Diverse internal and external factors can act as vehicles of change in academic discourse: the socio-cognitive needs of individual users, the influence of material conditions of the world, variation in disciplinary ethos and (local) academic cultures, the development, growth and status of different channels of communication. Abstracts have recently become a standard feature of research articles across most disciplines. The current growth of English as the international language of research publicationshas intensified cultural contact and possibly brought about new international standards in rhetoric and language use. The spread of electronic journals and databases has favoured features that facilitate the extraction of information, often based on a selective rather than sequential reading pattern. Increased competitiveness may also have influenced formats and style of presentation, giving abstracts both informative and promotional value. The present study carries out a micro-diachronic analysis of authorial "voice" in three comparable corpora of abstracts in the fields of economics, linguistics and history. Focusing on a range of markers of authorial voice, the analysis shows the interrelatedness of voice markers in abstract writing. The notion of voice, though fuzzy and open-ended, proves helpful in bringing together different markers of the presence of an author: forms of self-reference as well as other markers of stance and argument. Cross-disciplinary analysis shows elements of convergence and divergence across disciplines. When looking at convergences, the statistically significant increase of self-referential "we" over the time span considered is shown to be part of a general increase in first-person markers. This in turn is accompanied by a steady increase in personal references and – above all – of “locational” self-reference (reference to the paper) in subject position, producing “framing sequences” that highlight the informative structure of the abstract and authorial academic voice at the same time. When looking at disciplinary preferences, on the other hand, we notice that in the corpus of history authorial visibility relies more on contrastive connectors, evaluative adjectives and locational self-mention than on personal references. The economic corpus shows a decided preference for personal markers, while keeping at average levels in all other forms. Linguistic abstracts, finally, show a marked preference for locational self-reference and modalization. The results of the analysis confirm the hypothesis that these diverse features can be seen as a series of options (micro-systems of meaning)marking the author’s presence in the text (discourse persona). The diachronic perspective also shows that present-day scholars are becoming aware of the need to facilitate readers’ access to the text and to attract readers’ attention within a growing body of publications. The study also suggests increasing awareness of a writer’s need to sustain a reputation and to acknowledge the expertise of readers by choosing modalized statements and ‘non-subjective’ forms of self rererence.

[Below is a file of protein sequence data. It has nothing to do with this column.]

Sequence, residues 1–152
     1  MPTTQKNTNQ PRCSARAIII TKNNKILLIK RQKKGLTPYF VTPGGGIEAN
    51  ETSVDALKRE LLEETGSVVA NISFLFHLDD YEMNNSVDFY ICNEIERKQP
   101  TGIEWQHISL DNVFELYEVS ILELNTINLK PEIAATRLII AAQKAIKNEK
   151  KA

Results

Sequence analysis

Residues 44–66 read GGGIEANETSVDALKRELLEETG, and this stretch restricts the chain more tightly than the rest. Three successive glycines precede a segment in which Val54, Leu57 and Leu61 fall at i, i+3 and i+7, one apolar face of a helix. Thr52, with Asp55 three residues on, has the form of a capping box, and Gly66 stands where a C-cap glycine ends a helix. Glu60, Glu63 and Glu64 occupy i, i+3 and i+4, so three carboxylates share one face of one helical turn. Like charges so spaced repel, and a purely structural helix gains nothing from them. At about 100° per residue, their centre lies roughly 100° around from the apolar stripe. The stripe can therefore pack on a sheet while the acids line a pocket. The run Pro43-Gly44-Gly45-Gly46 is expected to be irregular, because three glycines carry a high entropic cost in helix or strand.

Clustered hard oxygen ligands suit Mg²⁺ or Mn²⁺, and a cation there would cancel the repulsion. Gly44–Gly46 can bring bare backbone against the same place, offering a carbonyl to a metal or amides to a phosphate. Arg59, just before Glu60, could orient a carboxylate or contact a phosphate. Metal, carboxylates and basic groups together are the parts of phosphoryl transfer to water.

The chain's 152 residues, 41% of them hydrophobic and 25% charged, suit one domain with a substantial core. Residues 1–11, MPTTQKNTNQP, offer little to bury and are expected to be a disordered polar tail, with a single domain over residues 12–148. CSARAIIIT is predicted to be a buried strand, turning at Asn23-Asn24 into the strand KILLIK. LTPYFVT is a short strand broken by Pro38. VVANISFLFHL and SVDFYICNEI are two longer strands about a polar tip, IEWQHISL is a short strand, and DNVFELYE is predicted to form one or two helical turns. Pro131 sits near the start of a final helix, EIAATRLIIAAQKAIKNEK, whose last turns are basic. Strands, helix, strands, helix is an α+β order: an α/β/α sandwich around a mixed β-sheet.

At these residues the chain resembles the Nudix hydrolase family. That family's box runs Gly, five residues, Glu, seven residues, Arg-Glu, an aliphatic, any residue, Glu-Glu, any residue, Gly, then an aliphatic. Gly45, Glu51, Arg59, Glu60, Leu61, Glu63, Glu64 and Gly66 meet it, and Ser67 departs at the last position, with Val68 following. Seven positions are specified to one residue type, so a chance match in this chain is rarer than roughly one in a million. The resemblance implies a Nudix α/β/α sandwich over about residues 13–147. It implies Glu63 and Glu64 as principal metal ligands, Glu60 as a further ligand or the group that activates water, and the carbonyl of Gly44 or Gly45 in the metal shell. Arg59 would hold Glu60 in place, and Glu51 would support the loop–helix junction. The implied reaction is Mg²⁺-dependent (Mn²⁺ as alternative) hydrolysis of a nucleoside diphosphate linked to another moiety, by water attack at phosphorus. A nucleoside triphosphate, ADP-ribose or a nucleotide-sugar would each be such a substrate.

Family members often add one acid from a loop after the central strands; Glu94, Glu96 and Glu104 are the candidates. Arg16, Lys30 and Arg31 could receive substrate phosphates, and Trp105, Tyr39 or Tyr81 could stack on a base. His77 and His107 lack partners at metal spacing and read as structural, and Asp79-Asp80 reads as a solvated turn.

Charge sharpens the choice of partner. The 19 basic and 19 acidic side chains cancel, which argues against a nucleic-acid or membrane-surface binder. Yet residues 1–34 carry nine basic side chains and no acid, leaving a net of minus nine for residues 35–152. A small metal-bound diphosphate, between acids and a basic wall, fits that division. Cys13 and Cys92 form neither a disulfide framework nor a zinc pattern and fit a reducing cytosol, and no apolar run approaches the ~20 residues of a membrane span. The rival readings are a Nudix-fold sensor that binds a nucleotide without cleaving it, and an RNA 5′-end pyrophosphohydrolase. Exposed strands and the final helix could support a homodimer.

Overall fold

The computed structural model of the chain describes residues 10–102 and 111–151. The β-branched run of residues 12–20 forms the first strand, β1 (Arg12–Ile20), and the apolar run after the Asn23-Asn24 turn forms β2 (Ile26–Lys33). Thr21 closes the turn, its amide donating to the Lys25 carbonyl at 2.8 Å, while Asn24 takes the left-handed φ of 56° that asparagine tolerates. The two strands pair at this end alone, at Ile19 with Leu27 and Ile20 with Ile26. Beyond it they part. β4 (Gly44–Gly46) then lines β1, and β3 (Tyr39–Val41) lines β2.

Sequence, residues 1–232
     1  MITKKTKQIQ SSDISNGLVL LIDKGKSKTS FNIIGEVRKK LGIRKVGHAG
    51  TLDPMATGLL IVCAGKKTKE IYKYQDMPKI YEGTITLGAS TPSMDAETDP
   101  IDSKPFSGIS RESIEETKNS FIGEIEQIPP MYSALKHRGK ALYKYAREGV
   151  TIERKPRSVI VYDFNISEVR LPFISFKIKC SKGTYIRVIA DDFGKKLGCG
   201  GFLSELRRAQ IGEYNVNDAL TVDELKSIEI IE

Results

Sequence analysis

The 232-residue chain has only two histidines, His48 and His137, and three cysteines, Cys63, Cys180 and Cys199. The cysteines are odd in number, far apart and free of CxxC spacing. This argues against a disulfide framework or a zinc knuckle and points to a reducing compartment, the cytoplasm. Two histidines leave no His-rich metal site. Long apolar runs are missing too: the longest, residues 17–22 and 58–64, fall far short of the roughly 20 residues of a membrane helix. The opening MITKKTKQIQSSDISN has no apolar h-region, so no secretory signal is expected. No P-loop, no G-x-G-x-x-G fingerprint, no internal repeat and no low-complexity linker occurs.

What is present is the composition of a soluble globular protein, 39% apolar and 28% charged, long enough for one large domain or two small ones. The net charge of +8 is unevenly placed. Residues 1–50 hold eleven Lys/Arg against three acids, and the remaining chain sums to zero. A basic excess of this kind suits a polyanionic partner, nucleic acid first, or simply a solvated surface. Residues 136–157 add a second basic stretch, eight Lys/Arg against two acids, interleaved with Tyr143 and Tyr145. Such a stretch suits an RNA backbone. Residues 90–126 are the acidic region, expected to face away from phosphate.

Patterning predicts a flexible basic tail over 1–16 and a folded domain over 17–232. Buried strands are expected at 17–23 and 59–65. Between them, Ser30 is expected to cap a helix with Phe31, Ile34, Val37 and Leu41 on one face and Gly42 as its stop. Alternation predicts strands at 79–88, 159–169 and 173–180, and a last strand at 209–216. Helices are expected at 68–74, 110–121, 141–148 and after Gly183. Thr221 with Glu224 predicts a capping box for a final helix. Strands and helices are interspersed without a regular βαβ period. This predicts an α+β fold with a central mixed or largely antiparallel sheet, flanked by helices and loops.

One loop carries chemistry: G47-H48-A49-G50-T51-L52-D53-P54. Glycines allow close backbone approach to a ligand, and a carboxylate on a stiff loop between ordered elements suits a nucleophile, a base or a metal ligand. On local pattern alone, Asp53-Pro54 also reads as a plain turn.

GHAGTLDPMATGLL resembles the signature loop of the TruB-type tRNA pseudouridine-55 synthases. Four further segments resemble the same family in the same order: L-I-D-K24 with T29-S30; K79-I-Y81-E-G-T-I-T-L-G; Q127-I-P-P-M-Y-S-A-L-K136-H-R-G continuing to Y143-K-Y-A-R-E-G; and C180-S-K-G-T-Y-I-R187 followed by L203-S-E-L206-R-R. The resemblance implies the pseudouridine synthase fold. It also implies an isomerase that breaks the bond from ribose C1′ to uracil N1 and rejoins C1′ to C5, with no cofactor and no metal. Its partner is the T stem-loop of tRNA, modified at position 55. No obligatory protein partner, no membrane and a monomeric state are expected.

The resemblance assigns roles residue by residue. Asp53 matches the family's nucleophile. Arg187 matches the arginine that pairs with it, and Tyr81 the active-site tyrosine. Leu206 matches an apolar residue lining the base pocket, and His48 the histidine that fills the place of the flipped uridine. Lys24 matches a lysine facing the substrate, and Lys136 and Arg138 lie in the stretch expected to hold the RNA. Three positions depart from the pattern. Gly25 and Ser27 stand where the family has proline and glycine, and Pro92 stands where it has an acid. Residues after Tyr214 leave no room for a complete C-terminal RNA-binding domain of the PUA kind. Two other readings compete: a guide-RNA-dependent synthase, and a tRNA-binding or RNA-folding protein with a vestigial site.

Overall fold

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|Data di pubblicazione:||2014|
|Titolo:||Changing voices: authorial voice in abstracts|
|Titolo del libro:||Abstracts in academic discourse|
|Nome editore:||PETER LANG|
|Appare nelle tipologie:||Capitolo/Saggio|
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